The State Library has led the way in information access for Washington State residents since those early pioneering days. The State Library helped to establish the first travelling library (a.k.a. "Bookmobile") service that served Washingtonians from 1899 to 1929. Washington State Library joined with other libraries of the state to create the Washington Library Association, the first time in 1905 lasting until 1909 and then again continuously in operation since 1932. The State Library led the study on the information needs of Washington's institutionalized population that began in the 1930s and came to fruition in the mid-1960s as Institutional Library Services, a service that still provides Washington's prison and state hospital residents' access to information.
Established in the mid-1960s, Washington State Library Branches maintain focused access to resources and highly valued reference service for state agencies. A long-running Legislative Reference Service ably served the needs of Washington's lawmakers and today’s State Library Public Services continues to assist legislators and their staff to access quality resources that assist the State Legislature in the creation and interpretation of policy. Researchers in Washington State history and culture have long valued the Pacific Northwest resources that can be found in the Pacific Northwest, Genealogy and State Library Special Collections. The State Library continues to extend its availability through programs like Resource Sharing that facilitates interlibrary lending and borrowing of materials. The Washington State Library Digital Collections, established in 2005, connects today’s Washingtonians to an increasing array of resources in all areas of the State Library collections via the internet.
Since the mid-1930s the State Library Development staff have has worked diligently to coordinate services and help secure federal or private funding to benefit other libraries throughout the State of Washington. The Washington State Library also provides training and continuing education opportunities to library staff statewide, offers sub-grants to libraries to create, expand, or enhance services, and certifies the professional credentials of librarians.
Once an agency of the Governor's Office overseen by an independent State Library Commission, the State Library joined the Office of the Secretary of State in 2002. Currently the State Library is located in Tumwater, WA. An ambitious project to preserve Washington history and tell the stories of the people of the state will include the planning and construction of a new Washington State Library and State Archives building.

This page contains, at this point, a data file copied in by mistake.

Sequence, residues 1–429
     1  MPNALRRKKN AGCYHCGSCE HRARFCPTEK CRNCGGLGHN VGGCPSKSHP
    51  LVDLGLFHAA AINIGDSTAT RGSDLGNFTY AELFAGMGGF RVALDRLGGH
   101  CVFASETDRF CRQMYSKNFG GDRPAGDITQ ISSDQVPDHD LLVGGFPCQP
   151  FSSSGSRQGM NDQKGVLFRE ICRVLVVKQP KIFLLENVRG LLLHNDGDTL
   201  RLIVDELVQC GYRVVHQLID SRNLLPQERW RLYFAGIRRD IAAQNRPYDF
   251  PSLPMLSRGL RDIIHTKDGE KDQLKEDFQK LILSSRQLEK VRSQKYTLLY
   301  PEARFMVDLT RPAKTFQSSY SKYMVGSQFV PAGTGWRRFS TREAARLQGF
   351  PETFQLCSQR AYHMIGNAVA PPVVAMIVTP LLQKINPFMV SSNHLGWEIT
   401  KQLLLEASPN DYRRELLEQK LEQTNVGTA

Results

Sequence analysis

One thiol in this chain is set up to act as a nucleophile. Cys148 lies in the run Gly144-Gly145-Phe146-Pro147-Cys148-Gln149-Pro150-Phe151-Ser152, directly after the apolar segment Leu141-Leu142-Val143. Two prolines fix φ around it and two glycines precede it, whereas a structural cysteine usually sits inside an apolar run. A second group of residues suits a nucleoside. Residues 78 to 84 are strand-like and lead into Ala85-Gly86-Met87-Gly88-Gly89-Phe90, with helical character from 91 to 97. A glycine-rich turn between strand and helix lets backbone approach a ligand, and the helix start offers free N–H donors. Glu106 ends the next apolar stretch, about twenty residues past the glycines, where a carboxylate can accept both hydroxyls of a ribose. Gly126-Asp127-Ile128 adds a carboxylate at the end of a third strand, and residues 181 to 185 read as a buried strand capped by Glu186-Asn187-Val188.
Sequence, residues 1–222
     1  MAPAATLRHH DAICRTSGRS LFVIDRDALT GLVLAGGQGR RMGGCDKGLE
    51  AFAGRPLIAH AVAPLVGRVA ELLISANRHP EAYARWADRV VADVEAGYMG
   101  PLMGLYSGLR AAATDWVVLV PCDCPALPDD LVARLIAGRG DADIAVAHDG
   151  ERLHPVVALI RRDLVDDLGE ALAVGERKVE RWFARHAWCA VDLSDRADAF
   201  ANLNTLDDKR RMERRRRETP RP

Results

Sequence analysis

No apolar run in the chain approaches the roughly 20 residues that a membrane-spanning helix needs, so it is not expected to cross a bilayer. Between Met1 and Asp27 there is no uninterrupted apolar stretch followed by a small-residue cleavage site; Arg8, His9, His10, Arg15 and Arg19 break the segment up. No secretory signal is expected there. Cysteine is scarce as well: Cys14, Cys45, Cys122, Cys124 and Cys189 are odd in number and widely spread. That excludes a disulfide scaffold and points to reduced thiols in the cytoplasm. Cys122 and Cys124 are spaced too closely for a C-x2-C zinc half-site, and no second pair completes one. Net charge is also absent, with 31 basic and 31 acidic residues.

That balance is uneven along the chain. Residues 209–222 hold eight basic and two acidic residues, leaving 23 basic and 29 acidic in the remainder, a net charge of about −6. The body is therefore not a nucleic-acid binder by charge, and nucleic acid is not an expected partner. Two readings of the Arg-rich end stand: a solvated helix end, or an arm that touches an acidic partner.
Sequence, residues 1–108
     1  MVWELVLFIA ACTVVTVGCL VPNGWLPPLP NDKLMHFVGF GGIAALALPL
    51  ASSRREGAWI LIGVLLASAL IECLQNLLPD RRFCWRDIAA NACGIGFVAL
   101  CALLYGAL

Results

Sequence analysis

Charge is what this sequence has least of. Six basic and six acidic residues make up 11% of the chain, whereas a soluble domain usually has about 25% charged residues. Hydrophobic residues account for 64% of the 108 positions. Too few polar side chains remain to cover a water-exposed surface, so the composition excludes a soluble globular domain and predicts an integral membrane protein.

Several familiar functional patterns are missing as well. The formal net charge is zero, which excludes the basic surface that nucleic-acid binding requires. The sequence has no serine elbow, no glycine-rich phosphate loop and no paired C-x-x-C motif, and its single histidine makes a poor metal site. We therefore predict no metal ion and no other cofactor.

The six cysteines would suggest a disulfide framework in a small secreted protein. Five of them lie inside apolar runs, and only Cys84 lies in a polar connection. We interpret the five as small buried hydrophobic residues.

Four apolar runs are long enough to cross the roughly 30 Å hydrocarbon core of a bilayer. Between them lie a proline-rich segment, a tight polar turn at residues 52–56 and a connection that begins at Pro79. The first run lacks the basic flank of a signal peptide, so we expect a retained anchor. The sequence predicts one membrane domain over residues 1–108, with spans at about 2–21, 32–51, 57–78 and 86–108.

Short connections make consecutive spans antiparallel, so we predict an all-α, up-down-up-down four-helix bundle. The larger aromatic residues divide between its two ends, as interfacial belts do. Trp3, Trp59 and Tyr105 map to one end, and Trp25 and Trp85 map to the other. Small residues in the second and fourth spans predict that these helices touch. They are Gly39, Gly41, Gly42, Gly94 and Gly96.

In 2008, administration of the Washington Talking Book & Braille Library (WTBBL) transferred from Seattle Public Library to Washington State Library/Office of Secretary of State. WTBBL traces its beginnings to the Seattle Public Library's Braille Collection that began in 1906 and has been a part of the National Library Service for the Blind and Physically Handicapped (NLS) of the Library of Congress since 1931. WTBBL was one of the first “Regional Libraries” and from 1934 to the late sixties and early seventies, provided library service to the residents of Montana and Alaska. This award-winning library provides outstanding and innovative library service state-wide, at the library and by mail, to any Washington resident unable to read standard print material due to blindness, visual impairment, deaf-blindness, physical disability (cannot hold a book or turn pages), or reading disability.
The staff of the Central Library and the Library’s collections, which now contains over 2.25 million items, are available to Washingtonians through the Ask-a-Librarian service, which provides real-time access in-person and online through the World Wide Web at http://www.sos.wa.gov/library/ask.aspx, and the Library’s catalog at http://www.sos.wa.gov/library/.
Additional Library Histories:
Dynamics of Change, a history of the Washington State Library through the 1970s, by former State Librarian Maryan Reynolds.
Historic Sites of the Washington State and Territorial Library - A recounting of the historic evolution, buildings and locations that have housed the collections of the Territorial Library, and later, the State Library of Washington.
Territorial Librarians - Brief biographical sketches of the territorial librarians. (Biographies of the State Librarians coming soon)
Governor's Writers Day Awards at the Washington State Library, 1966 - 2000